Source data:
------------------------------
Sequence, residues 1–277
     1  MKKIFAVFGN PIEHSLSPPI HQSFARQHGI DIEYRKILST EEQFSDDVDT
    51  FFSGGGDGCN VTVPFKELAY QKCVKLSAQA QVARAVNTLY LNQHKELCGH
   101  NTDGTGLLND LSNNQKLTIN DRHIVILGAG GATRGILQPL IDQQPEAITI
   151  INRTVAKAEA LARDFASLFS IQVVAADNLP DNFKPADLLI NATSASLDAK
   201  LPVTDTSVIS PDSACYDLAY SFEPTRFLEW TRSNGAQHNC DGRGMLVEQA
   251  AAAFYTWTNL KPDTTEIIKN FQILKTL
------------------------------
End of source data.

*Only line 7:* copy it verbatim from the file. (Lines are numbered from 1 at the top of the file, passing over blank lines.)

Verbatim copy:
   251  AAAFYTWTNL KPDTTEIIKN FQILKTL